« PreviousContinue »
CH A P. II.
OF THE STATE OF SOCIETY.
Origin of fo.
COCIETY was the necessary consequence
of the experimental discovery of man's wants and insufficiency to supply them in the theoretical state of pure nature. These wants were coeval with his physical existence; for, as Mr. Locke says, God so made man, as to put him under strong obligations of necessity, convenience, and inclination, to drive him into fociety, as well as fitted him with understanding and language to continue and enjoy it. And here, as Mr. Payne allows, Our enquiries find a resting place, our reason finds a home. This insufficiency of individuals sought a remedy in the assistance of others ; mutual assistance brought on obligations, and obligations produced dependance. The diversity of age, strength, or talents, probably gave the first superiority over a promiscuous multitude (for parentage certainly gave the first superiority over individuals); this multiplied and varied, as the objects who posseffcd it; envy ever followed the poffeffor; and the consequences
broke out into strifes, feuds, and wars. So * " as soon as mankind enter into a state of society, they lose the sense of their weakness; the equality ceases, and then commences the state of war.” These ruinous effects increased, as mankind was multiplied; and the natural tendency to superiority urged individuals to reduce their neighbours into a state of subjection. Still was man sensible of his own insufficiency, and he applied in need to his neighbour for assistance. This gradually Origin of naformed men into distinct bodies: each body had their own respective views and interests; and hence arose the difference of communities or nations.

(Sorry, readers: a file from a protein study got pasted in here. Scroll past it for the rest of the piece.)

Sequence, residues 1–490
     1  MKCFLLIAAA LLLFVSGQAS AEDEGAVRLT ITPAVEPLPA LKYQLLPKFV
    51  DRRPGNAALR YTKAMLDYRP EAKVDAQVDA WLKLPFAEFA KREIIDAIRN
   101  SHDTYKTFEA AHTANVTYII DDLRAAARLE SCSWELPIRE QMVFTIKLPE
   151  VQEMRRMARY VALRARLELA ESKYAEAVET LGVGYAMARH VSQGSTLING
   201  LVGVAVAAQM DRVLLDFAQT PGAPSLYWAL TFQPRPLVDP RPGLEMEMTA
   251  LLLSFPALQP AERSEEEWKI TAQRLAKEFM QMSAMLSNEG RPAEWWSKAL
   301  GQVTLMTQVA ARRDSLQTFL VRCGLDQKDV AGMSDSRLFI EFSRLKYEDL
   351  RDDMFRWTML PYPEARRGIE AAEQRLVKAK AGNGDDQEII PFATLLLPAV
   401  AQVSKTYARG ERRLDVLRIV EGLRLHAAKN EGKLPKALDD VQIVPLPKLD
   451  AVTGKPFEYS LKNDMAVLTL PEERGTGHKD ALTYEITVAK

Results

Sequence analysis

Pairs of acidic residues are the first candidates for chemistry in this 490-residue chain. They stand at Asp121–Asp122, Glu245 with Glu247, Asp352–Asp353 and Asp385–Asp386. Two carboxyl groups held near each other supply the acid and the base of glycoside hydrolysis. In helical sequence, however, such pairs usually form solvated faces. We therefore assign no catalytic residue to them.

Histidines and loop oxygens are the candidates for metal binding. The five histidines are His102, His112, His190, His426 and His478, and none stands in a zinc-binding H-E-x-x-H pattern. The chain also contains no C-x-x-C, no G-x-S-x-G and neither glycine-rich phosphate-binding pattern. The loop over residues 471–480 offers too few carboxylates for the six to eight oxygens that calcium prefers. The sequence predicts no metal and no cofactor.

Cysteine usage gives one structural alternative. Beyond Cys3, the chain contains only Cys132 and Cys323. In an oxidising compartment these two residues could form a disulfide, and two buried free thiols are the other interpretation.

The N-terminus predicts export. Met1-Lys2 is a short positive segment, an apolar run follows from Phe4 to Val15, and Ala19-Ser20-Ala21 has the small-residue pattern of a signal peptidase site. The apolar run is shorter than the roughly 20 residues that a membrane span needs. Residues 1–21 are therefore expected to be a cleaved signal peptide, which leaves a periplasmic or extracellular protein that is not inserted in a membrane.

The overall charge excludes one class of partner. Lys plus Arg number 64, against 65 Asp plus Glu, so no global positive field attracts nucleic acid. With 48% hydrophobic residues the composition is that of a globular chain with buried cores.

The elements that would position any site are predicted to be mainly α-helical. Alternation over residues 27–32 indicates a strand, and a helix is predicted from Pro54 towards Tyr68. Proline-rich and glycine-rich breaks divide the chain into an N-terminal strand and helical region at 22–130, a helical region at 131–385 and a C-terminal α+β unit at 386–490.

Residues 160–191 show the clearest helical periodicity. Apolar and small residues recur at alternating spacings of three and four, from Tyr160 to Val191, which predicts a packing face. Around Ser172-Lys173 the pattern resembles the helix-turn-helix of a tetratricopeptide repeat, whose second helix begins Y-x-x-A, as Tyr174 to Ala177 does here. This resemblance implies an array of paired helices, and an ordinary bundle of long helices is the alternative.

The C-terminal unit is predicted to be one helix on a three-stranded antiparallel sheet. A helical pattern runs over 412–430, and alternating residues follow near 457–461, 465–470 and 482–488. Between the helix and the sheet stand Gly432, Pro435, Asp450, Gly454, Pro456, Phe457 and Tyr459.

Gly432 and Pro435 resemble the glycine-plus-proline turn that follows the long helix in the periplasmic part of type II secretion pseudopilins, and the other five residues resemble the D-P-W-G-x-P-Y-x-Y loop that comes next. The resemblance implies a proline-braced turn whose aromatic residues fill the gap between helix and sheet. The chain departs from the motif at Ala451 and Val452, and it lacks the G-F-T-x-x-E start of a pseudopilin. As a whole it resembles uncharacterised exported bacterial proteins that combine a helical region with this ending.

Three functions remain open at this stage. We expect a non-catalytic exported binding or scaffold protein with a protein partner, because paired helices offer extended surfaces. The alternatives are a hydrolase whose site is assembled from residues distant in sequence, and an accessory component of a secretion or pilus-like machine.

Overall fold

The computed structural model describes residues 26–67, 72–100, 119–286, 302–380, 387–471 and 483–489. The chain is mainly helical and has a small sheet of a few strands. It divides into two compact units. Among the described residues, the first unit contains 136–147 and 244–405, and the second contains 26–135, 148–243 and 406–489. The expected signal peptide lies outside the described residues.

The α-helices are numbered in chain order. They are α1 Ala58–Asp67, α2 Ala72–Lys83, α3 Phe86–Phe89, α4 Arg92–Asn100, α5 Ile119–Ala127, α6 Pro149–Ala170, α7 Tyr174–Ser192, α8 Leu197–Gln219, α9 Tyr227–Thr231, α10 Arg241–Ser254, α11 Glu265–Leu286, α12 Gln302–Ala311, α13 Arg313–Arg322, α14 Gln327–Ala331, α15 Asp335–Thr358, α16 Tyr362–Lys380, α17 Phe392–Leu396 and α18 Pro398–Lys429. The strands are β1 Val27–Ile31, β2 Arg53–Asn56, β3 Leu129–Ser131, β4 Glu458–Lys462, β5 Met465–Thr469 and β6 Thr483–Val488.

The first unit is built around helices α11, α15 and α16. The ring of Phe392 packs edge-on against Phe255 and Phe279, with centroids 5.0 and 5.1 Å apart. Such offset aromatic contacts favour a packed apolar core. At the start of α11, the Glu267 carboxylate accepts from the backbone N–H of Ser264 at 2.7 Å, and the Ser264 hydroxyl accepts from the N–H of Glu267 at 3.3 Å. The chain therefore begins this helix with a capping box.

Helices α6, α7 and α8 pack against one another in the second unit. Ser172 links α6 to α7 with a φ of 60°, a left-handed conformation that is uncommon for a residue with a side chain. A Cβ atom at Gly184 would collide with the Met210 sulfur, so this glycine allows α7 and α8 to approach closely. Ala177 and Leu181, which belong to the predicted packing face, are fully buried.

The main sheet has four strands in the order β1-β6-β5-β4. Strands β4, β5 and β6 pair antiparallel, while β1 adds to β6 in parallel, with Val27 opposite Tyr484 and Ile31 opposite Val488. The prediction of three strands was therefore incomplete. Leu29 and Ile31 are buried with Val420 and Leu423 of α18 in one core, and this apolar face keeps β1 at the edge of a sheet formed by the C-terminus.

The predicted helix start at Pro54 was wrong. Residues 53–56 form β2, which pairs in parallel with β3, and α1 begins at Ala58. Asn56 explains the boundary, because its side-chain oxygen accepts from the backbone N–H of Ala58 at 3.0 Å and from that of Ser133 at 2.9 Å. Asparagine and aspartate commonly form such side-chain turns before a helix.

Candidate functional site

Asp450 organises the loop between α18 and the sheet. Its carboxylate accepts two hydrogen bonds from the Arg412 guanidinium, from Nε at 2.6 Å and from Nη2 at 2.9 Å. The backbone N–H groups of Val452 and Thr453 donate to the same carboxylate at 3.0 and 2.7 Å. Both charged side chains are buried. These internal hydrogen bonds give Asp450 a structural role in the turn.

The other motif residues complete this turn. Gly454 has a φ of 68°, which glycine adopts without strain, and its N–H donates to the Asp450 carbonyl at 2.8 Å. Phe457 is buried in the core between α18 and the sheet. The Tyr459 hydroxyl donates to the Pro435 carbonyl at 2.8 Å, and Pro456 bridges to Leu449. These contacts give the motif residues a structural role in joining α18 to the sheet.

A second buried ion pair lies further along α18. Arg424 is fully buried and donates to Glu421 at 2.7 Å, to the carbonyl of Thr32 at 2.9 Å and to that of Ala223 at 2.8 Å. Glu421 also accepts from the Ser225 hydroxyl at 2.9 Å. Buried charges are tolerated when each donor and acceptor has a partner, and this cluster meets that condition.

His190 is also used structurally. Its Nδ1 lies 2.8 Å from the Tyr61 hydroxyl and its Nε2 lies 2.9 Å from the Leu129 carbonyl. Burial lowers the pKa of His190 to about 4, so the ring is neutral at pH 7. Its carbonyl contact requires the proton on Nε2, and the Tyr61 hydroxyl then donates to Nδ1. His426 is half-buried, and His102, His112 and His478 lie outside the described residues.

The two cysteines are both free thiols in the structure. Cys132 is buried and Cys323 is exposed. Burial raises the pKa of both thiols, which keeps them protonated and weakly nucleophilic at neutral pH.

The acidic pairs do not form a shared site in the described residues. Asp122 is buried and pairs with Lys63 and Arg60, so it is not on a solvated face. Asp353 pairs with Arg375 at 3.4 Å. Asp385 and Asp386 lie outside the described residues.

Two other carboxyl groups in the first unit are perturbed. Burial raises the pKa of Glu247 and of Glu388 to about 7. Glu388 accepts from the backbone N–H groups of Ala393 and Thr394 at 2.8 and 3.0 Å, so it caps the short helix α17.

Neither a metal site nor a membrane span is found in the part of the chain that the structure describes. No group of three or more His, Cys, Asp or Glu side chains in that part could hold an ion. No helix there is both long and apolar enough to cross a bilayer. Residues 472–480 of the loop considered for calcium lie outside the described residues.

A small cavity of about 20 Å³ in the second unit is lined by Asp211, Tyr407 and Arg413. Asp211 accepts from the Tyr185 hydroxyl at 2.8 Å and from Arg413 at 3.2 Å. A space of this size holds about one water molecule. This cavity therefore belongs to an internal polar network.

Societies then once formed, the interests of the individuals forming them became united in one common centre; they dropped the former sense of that weakness and indigence, which had driven them into society, and afsumed a consequence (which I call political) from the newly acquired strength of their collected affociates. The subsistence and preservation of their own community was their first concern; to defend themselves against the power and encroachments of others was cheir next. Thus did their collective exi- Origin of go
ture transferred to the commu
gencies enforce the necessity of order and
government. The rights of. It is a postulatum, that when men formed the state of na
. themselves into society, their natural rights
were not given up nor destroyed, but were nity in that of
transferred only from the individual to the body at large. Whatever the former had an indefeasible right to do in the state of nature, the latter has an indefeasible right to do in the state of society; and throughout this state of society, the general interest of the community is the principle, upon which the .conftitution and particular laws of each state must be founded. The private considerations of individuals were given up, in the exchange of our natural rights, for the improved liberties of civil intercourse and society.